3 min read 30 May 22
A coordinated, state-sponsored campaign to transform corporate Japan – unleashed by Abenomics – has driven a decade of solid returns for Japanese equities. In the ten years through to 27 April 2022, the TOPIX generated a compound annual growth return (CAGR) of 11% in local currency terms.
All of this return was generated by earnings and dividends, with none of that return coming from valuation expansion. Whilst the S&P500 Index returned 13.5%, 30% of this return came from an expansion in valuation. The CAGR from other key, global markets such as EuroSTOXX 50 and FTSE All Share1 were in the mid-single digits.
Abenomics transformed the Japanese corporate landscape, paving the way for a decade of impressive self-improvement. Prime minister Fumio Kishida’s new policy agenda – ‘a new form of capitalism’ – looks to build upon recent improvements in the corporate sector to deliver broad based and sustained economic growth.
For the first time since the collapse of the bubble economy, the institutional infrastructure is finally in place to support this accelerated pace of reform. The prospects for yet another decade of strong earnings and share-price performance seem bright.
There is now overwhelming evidence that Japanese companies have become more shareholder friendly, opening the door for investors to benefit from the release of significant latent potential embedded in the Japanese equity market.
“The institutional infrastructure surrounding Japanese companies has now evolved to the point where it is actively supporting the type of corporate change that is required to deliver another decade of double digit earnings growth,” explains Carl Vine, co-head of Asian investment. “Companies now have an expanded toolbox for self-help.”
Balance sheets in Japan are awash with excess assets. Around 40% of Japanese companies have at least 20% of their equity value sat in cash. Hundreds of businesses in Japan still have more net cash than their market cap, Vine highlights. There is also excess real estate, cross shareholdings and inefficient working capital to take into account. “Balance sheets are loaded with latent value,” he adds.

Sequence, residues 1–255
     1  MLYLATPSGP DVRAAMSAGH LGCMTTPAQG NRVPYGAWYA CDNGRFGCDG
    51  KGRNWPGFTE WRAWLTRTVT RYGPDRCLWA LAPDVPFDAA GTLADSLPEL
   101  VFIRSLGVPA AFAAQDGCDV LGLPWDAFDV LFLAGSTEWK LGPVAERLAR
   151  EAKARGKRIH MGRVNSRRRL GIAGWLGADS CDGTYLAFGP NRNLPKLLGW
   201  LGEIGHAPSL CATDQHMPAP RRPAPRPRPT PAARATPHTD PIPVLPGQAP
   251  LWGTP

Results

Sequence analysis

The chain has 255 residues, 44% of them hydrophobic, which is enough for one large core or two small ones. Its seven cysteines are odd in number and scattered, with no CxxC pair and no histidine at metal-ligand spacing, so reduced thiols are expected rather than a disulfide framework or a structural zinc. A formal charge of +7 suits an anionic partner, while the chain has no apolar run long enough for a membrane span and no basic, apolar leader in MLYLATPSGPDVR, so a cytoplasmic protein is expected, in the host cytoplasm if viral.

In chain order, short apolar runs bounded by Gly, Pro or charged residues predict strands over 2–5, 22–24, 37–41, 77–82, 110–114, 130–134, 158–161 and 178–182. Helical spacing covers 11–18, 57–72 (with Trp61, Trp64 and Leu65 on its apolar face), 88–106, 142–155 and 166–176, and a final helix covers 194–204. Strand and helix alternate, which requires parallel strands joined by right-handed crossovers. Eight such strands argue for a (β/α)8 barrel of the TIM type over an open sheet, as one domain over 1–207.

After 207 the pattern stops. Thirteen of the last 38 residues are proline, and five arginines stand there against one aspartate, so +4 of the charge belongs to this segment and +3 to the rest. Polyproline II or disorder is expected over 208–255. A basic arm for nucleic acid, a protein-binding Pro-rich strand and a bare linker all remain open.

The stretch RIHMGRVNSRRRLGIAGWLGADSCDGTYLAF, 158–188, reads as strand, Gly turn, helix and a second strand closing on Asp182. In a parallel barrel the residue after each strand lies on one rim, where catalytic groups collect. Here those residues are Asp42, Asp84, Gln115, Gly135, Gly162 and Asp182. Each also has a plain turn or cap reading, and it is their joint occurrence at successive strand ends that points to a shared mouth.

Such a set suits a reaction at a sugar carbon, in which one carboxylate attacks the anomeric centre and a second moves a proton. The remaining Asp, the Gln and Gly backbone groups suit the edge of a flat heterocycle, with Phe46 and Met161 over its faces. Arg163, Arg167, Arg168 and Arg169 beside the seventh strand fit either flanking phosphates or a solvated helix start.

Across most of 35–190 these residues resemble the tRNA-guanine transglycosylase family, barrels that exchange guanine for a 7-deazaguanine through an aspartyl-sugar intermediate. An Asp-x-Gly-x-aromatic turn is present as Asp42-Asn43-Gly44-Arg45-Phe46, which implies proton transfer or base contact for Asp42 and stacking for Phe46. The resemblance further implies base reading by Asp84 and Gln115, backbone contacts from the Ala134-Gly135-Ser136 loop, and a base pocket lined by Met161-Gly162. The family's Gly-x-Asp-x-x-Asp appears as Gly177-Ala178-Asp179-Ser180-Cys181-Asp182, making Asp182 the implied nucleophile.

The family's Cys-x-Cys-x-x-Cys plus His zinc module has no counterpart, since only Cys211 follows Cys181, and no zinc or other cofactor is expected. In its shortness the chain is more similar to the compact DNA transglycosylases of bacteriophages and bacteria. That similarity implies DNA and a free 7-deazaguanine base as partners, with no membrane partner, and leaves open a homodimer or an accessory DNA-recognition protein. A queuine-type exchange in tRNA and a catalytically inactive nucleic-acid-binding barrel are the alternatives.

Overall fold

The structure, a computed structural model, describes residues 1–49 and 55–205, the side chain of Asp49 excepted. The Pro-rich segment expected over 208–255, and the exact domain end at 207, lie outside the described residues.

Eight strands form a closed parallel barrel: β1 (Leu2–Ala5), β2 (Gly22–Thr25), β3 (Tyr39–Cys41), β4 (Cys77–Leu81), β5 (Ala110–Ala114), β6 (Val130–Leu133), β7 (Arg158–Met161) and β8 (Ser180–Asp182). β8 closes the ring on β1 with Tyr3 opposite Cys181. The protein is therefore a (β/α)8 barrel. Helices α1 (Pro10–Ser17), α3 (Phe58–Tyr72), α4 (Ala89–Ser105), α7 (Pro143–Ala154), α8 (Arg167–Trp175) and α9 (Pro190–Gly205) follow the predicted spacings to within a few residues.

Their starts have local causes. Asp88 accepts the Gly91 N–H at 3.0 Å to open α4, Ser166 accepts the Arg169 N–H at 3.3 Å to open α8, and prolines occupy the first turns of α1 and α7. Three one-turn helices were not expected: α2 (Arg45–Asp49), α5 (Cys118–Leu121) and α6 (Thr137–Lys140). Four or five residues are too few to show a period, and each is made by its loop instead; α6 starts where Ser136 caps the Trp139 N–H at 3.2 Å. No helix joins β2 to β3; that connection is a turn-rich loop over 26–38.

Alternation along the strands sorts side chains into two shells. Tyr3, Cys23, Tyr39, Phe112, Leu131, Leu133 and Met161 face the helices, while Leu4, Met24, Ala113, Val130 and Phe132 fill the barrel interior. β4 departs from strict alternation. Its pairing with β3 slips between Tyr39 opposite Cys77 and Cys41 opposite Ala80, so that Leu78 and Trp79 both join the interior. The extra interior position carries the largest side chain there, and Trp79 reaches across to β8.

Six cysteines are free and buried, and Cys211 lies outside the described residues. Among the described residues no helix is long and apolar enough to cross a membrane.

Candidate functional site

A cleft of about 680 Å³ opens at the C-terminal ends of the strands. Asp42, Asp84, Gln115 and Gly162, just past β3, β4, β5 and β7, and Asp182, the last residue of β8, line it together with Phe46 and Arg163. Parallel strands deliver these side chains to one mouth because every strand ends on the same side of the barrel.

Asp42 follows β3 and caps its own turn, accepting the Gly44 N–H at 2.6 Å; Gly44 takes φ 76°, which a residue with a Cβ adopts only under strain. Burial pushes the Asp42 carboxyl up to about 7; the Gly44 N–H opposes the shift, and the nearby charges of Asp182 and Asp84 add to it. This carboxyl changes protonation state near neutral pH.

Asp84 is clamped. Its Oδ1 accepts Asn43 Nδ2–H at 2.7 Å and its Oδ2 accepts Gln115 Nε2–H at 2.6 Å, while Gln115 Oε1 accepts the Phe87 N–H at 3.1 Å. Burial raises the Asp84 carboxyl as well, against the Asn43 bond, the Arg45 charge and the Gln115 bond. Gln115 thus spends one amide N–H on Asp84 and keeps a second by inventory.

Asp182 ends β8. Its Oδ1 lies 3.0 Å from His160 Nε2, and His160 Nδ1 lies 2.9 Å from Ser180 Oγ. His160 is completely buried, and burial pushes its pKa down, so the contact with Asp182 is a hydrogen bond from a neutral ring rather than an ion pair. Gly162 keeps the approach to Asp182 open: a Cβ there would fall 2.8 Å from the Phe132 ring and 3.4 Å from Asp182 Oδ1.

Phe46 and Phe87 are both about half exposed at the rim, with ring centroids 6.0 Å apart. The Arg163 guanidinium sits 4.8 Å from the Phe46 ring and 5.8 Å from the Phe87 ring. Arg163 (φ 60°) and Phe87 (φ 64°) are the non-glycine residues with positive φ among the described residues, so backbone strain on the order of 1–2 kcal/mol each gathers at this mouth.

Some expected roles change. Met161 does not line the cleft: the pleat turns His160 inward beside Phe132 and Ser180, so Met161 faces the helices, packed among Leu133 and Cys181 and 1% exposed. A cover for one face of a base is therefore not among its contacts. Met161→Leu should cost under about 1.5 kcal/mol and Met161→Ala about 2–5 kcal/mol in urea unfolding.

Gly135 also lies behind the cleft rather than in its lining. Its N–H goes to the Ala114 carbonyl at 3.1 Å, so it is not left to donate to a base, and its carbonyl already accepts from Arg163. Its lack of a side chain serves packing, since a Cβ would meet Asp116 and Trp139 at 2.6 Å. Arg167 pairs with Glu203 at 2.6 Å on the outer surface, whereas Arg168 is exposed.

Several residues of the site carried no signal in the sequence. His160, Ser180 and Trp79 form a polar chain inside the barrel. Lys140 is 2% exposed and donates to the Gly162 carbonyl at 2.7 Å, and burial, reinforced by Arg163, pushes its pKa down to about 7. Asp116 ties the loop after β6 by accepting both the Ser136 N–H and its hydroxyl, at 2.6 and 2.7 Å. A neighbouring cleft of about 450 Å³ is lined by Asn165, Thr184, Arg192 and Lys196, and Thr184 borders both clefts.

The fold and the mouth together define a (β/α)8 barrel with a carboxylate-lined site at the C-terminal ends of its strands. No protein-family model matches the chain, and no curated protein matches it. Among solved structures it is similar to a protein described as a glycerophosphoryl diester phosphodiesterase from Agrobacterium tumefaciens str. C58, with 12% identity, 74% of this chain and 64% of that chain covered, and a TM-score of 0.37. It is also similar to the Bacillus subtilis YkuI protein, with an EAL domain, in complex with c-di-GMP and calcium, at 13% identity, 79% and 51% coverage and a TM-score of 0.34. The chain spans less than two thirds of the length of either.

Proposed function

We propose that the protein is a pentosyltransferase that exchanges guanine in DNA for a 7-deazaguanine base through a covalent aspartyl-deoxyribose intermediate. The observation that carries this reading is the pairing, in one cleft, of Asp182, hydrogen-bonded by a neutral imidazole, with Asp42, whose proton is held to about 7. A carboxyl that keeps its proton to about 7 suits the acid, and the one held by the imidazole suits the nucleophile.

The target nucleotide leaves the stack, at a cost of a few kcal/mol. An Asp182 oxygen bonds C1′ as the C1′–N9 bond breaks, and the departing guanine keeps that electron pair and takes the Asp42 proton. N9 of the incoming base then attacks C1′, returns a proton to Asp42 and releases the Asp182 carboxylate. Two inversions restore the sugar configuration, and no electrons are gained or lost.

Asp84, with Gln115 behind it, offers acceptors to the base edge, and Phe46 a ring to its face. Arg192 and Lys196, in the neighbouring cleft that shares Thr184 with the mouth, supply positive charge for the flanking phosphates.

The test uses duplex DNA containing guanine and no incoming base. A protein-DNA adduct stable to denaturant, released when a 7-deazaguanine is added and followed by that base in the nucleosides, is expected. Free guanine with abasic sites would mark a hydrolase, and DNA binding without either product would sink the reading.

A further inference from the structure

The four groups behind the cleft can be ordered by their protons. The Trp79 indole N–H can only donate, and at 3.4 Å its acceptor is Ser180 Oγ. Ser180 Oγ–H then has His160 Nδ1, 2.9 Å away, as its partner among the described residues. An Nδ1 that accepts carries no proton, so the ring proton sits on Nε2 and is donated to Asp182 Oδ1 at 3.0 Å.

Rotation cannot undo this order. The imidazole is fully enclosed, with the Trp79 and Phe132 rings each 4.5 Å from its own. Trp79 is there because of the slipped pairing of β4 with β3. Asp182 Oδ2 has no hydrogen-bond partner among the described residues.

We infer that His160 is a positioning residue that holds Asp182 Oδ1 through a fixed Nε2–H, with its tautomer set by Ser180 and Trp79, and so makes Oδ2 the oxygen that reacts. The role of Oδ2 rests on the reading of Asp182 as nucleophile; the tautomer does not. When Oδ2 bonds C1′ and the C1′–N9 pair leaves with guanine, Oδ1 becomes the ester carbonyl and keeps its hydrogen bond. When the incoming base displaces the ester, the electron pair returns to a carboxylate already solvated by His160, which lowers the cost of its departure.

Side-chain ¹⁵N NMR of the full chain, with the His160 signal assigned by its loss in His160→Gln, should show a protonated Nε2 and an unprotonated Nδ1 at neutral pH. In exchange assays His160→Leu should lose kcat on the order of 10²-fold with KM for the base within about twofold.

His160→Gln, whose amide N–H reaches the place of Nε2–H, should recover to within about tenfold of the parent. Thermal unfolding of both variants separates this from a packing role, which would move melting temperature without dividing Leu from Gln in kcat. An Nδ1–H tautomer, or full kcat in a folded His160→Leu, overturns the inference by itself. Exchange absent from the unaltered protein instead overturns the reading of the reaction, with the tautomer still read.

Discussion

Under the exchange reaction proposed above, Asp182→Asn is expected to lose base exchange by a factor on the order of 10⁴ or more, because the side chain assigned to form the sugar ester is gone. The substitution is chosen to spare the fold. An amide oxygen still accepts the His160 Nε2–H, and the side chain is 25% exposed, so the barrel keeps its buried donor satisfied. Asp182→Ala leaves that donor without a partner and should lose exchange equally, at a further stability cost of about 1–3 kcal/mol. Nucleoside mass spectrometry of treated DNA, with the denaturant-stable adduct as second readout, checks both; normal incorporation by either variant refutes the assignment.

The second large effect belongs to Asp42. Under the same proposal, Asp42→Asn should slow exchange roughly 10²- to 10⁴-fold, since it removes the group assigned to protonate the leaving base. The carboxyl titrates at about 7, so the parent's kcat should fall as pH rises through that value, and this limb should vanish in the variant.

Yet further potential exists in Japanese income statements. Despite a decade of double digit earnings growth, Japanese profit margins are still around half those in the US, suggesting further scope for structural improvement. “Low margins in Japan reflect a combination of sub-optimal commercial strategies and excessive industry fragmentation. Both of these are improving at speed,” says Vine.
Labour productivity and wage growth are key focuses of PM Kishida. As a near-term objective, he is encouraging companies to raise wages and is offering tax incentives to do so. Longer-term he wants his government to invest significantly in a variety of schemes to improve labour productivity. He believes that higher productivity can deliver higher wages and higher profits simultaneously, with both contributing to higher economic growth.
Kishida has also promised the most aggressive shift in Japanese household balance sheets in history, Vine notes. This is an important part of the puzzle when it comes to growing household incomes. Today Japanese households have one thousand-trillion yen sat in deposits, earnings zero. That is a significant opportunity loss for household income.
“Not only do we now have proof that corporate behaviour is changing, we can point to how this has already delivered impressive earnings growth. We can also point to improvements the institutional framework and how they are continuing to encourage further improvements in corporate performance,” he says. “In addition, we have now got a prime minister that is very supportive of ongoing corporate change and a set of domestic policies coming down the pipe which are supportive for domestic economic growth and for equity ownership in Japan.”
“Changes in the nature of corporate governance in Japan means that voting capital now has a value. This was not true before,” Vine explains. “Thanks to improvements in stewardship and governance, more and more companies today are embarking on journeys of self-improvement. Increasingly, they are looking to shareholders for guidance.”
Demographics is also an important driver of change, according to Vine. Japan’s ageing population is reflected in the country’s boardrooms. Over 300 CEOs in Japan are over the age of 702.“That is not to say that older CEOs are doing a bad job,” says Vine. “Indeed some of the best CEOs in the country are in this age cohort. However, as the prime minister himself points out, Sony was started by a 26 year old, and Honda was started by a 35 year old. It will be a younger generation that leads Japan forth into the new industries of innovation.”
The value of investments will fluctuate, which will cause prices to fall as well as rise and investors may not get back the original amount they invested. Past performance is not a guide to future performance. The views expressed in this document should not be taken as a recommendation, advice or forecast.